Say goodbye to the idea that only caped do-gooders with superpowers can be called heroes. "We're all born to be heroes," says Michael Munson, director of Heroes. And his goal is to prove it.
is a new program from the non-profit Earth Citizen Organization. This April, it will host two national events to train inspired young people to become heroes with the power to change their lives, their communities and their world.
From Apr. 4-6, the first 81 heroes to participate in the program will come together in upstate New York. In the breathtaking Catskills Mountains
, they will train their bodies, minds and souls through a mix of yoga, martial arts, dance, meditation and more, in order to awaken the heroes within.
A second national training opportunity will take place at the Sedona Mago Retreat
, among the beautiful, powerful red rocks of Sedona, Ariz.
The goal of Heroes is to help create healthy, optimistic, empowered people who will then take their energy to create positive change back into their communities through education and service.
The program's aims, and even its name, are a modern adaptation of an ancient principle: Hongik philosophy.
According to life-energy expert, Ilchi Lee
, the Hongik ideal is the practice of elevating the collective needs of all people above individual desires. And "hero" is a Western word that represents that ideal.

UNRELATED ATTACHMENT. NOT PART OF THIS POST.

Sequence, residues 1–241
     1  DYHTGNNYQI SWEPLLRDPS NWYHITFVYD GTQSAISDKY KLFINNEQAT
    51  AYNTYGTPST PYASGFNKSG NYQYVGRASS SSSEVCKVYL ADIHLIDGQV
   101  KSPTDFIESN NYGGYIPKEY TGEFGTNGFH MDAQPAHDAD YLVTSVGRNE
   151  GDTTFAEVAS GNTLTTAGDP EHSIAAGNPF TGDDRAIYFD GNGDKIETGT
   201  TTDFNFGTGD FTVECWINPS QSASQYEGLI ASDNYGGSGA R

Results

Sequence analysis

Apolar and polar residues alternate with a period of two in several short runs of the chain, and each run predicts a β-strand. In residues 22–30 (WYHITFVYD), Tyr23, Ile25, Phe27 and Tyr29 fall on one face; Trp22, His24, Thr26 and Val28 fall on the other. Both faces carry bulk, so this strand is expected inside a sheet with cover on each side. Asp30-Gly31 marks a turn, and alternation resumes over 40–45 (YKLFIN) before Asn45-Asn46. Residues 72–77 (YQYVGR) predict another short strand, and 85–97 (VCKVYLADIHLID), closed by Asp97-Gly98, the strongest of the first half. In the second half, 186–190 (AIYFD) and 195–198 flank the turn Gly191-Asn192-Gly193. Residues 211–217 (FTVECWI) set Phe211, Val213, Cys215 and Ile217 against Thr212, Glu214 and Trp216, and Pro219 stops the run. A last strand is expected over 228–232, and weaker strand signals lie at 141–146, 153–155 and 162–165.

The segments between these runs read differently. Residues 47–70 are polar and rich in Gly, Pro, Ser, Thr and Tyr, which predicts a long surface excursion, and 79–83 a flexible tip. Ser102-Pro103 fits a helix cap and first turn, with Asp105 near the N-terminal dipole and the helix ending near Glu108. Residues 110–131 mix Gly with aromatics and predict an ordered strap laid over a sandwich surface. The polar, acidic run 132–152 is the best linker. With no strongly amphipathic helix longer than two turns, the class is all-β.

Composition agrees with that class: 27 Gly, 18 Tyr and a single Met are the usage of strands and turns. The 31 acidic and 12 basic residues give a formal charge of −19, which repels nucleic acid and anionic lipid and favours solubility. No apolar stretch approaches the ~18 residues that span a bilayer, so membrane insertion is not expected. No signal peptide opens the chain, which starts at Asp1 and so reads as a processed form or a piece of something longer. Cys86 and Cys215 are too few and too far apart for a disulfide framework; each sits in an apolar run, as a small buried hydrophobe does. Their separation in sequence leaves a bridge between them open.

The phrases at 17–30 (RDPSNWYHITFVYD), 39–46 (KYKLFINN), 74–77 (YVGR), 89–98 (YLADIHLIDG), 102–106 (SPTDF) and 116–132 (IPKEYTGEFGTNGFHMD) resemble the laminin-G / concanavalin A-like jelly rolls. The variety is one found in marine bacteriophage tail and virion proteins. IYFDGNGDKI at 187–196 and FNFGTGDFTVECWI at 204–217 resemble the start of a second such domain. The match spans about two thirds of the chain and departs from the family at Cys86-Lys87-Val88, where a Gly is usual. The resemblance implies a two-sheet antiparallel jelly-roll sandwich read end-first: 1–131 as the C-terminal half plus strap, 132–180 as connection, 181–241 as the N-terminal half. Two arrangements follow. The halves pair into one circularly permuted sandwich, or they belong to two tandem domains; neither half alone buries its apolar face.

"It's in our nature to experience, create and care for a life bigger than our own," Munson says. "I'm so excited to witness people as they realize that being a hero is the path of least resistance, and then watch a culture of heroes emerge."
This culture of Heroes will start out small. Each of the national training events can host up to 81 participants. But it has the potential to grow exponentially as each new hero shares their passion for change with their community.
Even before the national gatherings, Munson, who is also the main trainer for the national camps, is extremely optimistic about the potential of these future heroes. One of his favorite quote from Margaret Mead sums up his hopes:
"Never doubt that a small group of thoughtful, committed citizens can change the world; indeed, it's the only thing that ever has."
Already, Heroes has already sparked the interest and passion of nearly 200 people in five different cities from Colorado to New York during the Heroes Spark introductory training workshops.
This summer, Heroes will host an additional week-long leadership course, called Heroes Inspire, in five cities throughout the country.
To learn more about Heroes, visit them at their website HeroesConnect.org
and their Facebook page facebook.com/HeroesConnect